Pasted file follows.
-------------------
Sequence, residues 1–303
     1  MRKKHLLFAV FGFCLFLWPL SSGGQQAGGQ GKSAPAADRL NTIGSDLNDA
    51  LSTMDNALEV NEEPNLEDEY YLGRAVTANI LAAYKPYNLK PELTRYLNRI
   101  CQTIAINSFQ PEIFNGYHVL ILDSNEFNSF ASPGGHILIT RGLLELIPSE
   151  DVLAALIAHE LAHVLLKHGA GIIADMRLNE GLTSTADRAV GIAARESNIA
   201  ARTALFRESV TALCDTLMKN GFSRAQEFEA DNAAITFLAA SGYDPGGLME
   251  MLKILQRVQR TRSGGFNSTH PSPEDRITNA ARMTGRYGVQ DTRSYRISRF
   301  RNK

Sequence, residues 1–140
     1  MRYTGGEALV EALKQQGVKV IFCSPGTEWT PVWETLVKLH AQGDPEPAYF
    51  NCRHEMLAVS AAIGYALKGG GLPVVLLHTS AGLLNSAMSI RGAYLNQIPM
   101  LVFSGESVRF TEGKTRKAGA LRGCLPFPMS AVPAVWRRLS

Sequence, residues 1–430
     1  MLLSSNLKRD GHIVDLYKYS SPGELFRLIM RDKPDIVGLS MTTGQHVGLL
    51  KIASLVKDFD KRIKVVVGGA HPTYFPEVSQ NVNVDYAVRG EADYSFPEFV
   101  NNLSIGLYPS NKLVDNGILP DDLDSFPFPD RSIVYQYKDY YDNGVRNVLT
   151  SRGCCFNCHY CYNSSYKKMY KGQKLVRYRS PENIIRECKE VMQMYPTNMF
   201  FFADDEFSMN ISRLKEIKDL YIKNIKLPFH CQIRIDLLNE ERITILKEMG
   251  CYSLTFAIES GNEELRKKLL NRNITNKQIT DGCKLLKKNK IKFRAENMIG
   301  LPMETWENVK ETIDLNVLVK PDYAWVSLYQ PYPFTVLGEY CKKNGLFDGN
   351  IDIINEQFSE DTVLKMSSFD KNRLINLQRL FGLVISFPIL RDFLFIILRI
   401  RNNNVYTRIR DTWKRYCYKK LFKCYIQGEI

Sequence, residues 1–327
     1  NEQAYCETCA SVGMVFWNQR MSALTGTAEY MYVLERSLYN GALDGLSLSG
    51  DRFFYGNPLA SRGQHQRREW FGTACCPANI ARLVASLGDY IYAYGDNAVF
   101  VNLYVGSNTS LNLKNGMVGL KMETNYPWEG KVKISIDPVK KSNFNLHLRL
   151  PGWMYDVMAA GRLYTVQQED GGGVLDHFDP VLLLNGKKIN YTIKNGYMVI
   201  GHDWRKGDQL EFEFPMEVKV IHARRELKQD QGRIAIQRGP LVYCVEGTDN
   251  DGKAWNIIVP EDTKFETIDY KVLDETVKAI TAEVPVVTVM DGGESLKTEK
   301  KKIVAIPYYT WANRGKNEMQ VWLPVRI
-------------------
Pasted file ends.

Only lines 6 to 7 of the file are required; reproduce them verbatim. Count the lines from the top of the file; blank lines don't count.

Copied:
   201  ARTALFRESV TALCDTLMKN GFSRAQEFEA DNAAITFLAA SGYDPGGLME
   251  MLKILQRVQR TRSGGFNSTH PSPEDRITNA ARMTGRYGVQ DTRSYRISRF